Ukraine set for 'freedom from Russia' as it 'redirects' supplies from USSR grid


Ukraine set for 'freedom from Russia' as it 'redirects' supplies from USSR grid

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Ukraine is set to join Europe’s Network of Transmission System Operators for Electricity (ENTSO-E) in 2023. The move would see Ukraine’s current electricity transmission system decoupled from Russia and Belarus. It announced that between February 24 to 26, Ukraine would disconnect from the system connecting to both these countries to test a new isolated system before joining up with Europe’s network.

It comes as Russia’s “full-scale invasion” of Ukraine has sparked fears that the Kremlin could slash Ukraine’s gas supplies which travel through its network of pipelines.

Danil Bochkov, an expert from the Russian International Affairs Council, told “This initiative is aimed at redirecting Ukrainian electricity supplies from the former USSR grid which interconnects Russia, Belarus and Ukraine.

“So, it could contribute to more geopolitical freedom for Kyiv which would become less dependent on energy supplies from Russia.

“But in fact it just means that Ukraine substitutes Russian electricity supplies with the EU ones getting the same amount of energy. So, the equation doesn’t change – only its parts are swapped.”

But with tension with Russia soaring over the chaos that Mr Putin has unleashed on Ukraine, it may be likely that Kyiv will feel much safer in the hands of European partners.

Zelenskyy and Putin

Ukraine could slash dependency on Russia (Image: Getty )

Disputed territories in Ukraine

Russia is unleashing hell on Ukraine (Image: Express)

Ukraine’s Prime Minister Denis Shmygal said: “Technically, we are almost 100 percent ready for Ukraine to join the European energy network in 2023.

“World Bank experts have estimated the benefits of synchronisation with ENTSO-E at $1.5billion (£1.1billion) annually for our country.”

But as the Ukrainian system becomes isolated during the compulsory tests ahead of joining up with Europe, fears have soared that it could result in blackouts.

No imports are permitted while the Ukrainian system is decoupled from Russia and Belarus during the test.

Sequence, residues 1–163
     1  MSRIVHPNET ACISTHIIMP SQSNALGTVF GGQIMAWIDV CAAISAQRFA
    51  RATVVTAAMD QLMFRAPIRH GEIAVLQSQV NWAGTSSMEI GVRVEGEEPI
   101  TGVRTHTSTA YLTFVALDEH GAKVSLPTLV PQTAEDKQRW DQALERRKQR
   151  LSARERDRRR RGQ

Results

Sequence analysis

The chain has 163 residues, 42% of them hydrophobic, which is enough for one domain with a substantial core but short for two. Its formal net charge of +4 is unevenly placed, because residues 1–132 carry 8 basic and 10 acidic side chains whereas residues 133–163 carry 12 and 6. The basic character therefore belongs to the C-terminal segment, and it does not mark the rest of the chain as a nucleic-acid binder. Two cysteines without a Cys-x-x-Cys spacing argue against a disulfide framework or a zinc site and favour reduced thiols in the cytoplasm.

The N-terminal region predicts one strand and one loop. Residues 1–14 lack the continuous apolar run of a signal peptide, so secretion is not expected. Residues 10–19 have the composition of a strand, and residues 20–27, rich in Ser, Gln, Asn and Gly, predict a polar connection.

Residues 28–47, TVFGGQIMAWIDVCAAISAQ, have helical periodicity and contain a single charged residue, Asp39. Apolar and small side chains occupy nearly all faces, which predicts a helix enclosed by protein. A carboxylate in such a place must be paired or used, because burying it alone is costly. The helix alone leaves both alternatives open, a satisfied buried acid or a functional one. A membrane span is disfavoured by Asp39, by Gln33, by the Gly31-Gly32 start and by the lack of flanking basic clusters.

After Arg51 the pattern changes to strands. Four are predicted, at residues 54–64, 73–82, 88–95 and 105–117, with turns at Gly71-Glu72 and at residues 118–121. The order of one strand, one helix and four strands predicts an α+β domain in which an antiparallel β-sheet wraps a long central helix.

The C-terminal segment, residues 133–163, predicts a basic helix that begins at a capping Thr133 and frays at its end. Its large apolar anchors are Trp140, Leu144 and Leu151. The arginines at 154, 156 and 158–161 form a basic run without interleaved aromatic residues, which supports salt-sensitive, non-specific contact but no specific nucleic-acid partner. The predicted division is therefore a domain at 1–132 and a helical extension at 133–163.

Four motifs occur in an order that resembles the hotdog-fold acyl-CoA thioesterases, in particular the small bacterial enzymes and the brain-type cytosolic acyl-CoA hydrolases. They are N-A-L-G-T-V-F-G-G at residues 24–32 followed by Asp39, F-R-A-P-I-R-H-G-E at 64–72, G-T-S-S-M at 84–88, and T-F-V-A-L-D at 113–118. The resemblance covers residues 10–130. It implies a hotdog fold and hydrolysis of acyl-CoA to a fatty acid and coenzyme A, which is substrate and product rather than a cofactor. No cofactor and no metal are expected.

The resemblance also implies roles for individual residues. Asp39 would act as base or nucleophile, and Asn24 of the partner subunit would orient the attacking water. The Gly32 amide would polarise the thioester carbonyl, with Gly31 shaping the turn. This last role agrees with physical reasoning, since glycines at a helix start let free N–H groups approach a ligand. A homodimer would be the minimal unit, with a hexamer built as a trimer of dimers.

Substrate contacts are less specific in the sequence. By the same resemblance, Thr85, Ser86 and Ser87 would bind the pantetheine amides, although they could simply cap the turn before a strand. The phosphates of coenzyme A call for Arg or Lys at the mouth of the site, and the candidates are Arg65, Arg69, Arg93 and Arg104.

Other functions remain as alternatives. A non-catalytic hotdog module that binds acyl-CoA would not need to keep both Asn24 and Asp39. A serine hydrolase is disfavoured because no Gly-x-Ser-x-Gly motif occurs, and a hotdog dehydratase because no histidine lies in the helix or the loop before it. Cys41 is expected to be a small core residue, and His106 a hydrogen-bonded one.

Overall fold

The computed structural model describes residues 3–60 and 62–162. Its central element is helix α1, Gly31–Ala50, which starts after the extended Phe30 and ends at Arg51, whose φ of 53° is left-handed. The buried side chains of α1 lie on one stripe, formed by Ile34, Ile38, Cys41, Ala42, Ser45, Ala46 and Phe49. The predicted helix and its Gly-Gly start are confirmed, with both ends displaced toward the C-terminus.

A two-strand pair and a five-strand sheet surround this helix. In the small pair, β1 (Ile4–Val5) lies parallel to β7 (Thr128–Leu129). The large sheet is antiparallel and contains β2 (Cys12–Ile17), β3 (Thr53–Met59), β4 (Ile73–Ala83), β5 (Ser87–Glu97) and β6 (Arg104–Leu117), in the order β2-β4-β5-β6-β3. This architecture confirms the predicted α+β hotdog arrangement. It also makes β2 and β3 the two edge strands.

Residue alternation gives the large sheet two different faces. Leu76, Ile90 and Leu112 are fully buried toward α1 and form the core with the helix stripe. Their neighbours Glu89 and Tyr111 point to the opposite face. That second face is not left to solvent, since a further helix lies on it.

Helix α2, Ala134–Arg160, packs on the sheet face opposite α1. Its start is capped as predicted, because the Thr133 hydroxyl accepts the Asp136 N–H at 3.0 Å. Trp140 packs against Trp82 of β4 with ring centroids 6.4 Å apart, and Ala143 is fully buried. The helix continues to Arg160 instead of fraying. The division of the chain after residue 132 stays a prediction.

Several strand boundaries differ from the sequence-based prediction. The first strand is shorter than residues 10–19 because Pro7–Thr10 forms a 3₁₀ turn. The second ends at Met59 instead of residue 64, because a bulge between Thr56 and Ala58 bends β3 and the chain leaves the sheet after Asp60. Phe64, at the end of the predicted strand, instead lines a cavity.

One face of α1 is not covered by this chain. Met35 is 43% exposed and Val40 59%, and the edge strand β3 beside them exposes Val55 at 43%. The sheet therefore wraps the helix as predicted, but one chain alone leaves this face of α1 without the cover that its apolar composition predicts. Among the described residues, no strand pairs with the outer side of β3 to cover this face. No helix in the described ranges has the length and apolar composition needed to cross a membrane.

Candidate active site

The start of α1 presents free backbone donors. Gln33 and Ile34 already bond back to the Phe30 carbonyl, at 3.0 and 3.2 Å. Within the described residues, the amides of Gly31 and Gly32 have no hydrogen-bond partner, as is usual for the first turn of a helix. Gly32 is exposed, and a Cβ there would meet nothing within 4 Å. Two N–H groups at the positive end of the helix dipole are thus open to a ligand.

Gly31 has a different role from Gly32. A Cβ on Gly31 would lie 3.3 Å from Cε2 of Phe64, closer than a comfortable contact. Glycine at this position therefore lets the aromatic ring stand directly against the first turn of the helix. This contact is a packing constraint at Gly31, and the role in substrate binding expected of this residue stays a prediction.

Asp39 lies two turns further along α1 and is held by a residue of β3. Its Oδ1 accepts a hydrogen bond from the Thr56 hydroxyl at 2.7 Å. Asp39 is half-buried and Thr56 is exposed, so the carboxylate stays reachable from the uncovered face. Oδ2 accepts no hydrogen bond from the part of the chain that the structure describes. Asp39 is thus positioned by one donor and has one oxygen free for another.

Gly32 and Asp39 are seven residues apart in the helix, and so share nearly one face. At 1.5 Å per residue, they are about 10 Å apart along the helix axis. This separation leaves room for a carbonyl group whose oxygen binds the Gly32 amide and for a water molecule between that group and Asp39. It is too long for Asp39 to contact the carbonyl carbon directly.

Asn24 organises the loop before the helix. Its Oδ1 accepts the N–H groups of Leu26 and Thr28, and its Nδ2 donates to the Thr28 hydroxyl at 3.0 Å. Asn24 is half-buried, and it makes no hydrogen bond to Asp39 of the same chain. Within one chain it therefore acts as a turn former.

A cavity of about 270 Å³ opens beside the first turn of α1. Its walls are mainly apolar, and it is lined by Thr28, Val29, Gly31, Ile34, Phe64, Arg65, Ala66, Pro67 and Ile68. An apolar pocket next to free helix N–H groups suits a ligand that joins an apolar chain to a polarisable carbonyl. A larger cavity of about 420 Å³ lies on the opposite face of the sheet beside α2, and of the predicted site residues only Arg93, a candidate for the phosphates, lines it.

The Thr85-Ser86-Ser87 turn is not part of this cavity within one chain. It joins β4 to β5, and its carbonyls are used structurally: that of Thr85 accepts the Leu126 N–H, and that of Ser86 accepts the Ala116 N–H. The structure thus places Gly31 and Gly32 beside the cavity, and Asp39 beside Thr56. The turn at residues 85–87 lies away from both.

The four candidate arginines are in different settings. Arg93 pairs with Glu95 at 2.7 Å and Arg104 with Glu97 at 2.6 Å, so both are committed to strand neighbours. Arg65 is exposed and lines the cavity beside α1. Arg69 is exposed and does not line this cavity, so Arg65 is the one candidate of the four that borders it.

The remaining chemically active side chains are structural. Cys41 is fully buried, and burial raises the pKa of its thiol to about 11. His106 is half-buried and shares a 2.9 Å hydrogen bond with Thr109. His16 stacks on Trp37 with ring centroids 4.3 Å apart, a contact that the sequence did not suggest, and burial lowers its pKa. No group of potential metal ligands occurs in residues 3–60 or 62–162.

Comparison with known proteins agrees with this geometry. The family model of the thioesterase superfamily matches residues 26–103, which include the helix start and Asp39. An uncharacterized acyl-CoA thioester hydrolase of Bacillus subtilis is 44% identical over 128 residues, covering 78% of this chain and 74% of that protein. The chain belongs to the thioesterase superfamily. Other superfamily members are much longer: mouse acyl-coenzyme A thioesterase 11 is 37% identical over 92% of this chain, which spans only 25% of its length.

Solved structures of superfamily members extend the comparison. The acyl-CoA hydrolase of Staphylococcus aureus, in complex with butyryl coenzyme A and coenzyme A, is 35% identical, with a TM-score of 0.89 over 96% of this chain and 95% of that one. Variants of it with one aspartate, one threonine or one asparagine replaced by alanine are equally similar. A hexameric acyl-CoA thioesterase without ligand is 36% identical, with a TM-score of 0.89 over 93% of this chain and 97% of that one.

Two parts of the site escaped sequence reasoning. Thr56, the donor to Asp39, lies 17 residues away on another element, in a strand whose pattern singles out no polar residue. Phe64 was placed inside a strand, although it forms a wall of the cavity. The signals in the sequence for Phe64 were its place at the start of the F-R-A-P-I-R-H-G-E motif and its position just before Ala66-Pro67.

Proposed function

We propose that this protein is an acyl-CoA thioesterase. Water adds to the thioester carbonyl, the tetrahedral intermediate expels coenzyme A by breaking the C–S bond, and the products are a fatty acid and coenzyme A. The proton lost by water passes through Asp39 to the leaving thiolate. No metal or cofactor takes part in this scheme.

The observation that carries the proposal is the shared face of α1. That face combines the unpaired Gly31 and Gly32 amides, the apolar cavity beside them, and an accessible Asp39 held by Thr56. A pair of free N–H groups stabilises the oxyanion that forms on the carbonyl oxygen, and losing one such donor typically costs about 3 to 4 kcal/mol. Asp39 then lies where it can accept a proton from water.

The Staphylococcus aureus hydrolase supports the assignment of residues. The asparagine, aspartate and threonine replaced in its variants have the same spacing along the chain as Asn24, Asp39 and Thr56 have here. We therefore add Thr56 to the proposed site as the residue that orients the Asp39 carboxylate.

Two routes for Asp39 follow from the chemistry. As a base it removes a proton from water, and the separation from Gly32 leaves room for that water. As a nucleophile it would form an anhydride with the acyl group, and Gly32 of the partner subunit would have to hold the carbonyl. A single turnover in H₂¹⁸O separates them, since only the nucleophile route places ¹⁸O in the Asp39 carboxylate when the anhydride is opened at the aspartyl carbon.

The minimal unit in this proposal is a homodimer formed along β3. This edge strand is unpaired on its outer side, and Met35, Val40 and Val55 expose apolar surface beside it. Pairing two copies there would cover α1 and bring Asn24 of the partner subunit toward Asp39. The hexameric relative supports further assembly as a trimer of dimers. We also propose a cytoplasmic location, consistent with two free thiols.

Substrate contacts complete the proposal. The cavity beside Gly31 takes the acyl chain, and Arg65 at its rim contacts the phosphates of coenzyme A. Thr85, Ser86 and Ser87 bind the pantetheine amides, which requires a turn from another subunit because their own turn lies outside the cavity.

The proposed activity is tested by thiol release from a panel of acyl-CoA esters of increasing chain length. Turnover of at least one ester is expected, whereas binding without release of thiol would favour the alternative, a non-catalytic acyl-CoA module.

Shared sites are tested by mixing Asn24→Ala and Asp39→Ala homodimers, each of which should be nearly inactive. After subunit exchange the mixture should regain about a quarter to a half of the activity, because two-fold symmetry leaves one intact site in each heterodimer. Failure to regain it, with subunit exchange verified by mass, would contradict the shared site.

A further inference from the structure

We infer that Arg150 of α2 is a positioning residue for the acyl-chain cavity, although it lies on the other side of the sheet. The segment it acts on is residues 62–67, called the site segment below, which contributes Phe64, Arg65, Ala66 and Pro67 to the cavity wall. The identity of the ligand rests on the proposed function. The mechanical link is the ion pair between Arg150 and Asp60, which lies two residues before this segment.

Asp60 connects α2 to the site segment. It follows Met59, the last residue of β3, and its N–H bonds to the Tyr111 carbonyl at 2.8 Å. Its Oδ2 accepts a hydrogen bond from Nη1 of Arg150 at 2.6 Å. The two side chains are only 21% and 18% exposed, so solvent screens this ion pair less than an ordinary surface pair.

And there are some concerns that the system is vulnerable to a cyber attack.

READ MORE: Pakistan hammers nail into West’s Russia response with new gas deal

Russia's share of gas in EU

Russia supplies the EU with 40% of its gas (Image: Express)

Cyber security expert Dan O’Dowd warned: “One of the greatest changes in the last decade is the emergence of a fanatic pursuit of connecting everything to the Internet.

“This certainly has benefits, but it also has downsides, like the possibility of everything getting hacked. When we connect the safety critical things that our lives depend on to the

Internet, such as the power grid, cars, and hospitals, these things become hackable, too.

“This could have catastrophic consequences following Russia’s invasion of Ukraine.”

And Ukraine may not be able to slash ties with Russia completely, despite the plan to slash its electricity ties.

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Russia's network of gas pipelines

A third of Europe’s gas which comes from Russia passes through Ukraine (Image: Express )

That is because it is still largely dependent on its neighbour for gas supplies, as is most of the rest of Europe.

In fact, Russia supplies 40 percent of the EU’s gas, a third of which flows through Ukraine on its way to the bloc.

Moscow has been accused of deliberately withholding gas from Europe, sending prices skyrocketing to record highs across the continent.

In fact, Kremlin-controlled gas giant Gazprom has been diverting gas flow through the Yamal-Europe pipeline in reverse and away from the West since December.

This saw December prices surge to new records that surpassed even the record-breaking costs seen in October amid the crippling energy crisis.

There were fears that Mr Putin’s grip on the European energy market could grow even tighter if Nord Stream 2 came into operation.


Critics of NS2 said it would have boosted Ukraine’s dependency on Russia (Image: Getty )

But German Chancellor Olaf Scholz said he would not certify the pipeline after Mr Putin sent troops into two parts of Ukraine he declared independent.

Nord Stream 2 would have sent Russian gas to Germany, bypassing Ukraine and Poland on its route.
Critics said the system would have seen Ukraine’s dependency on Russia soar further.

With the conflict in Ukraine escalating after tanks rolled into the capital, it seems now might be the right time to slash any remaining ties with Russia.

Ukrenergo, the company operating the transmission lines set to isolate from Russia and Belarus, has claimed that the system is fully prepared.

The company’s CEO, Volodymyr Kudrytskyi, claims Ukraine has more than 700,000 tons of coal at the ready.

And is expected to boost up this amount to 1.2 million tons by the end of February or early March.

Mr Kudrytskyi argues that this will do enough to allow thermal power plants to operate at capacity while the system is isolated from Russia.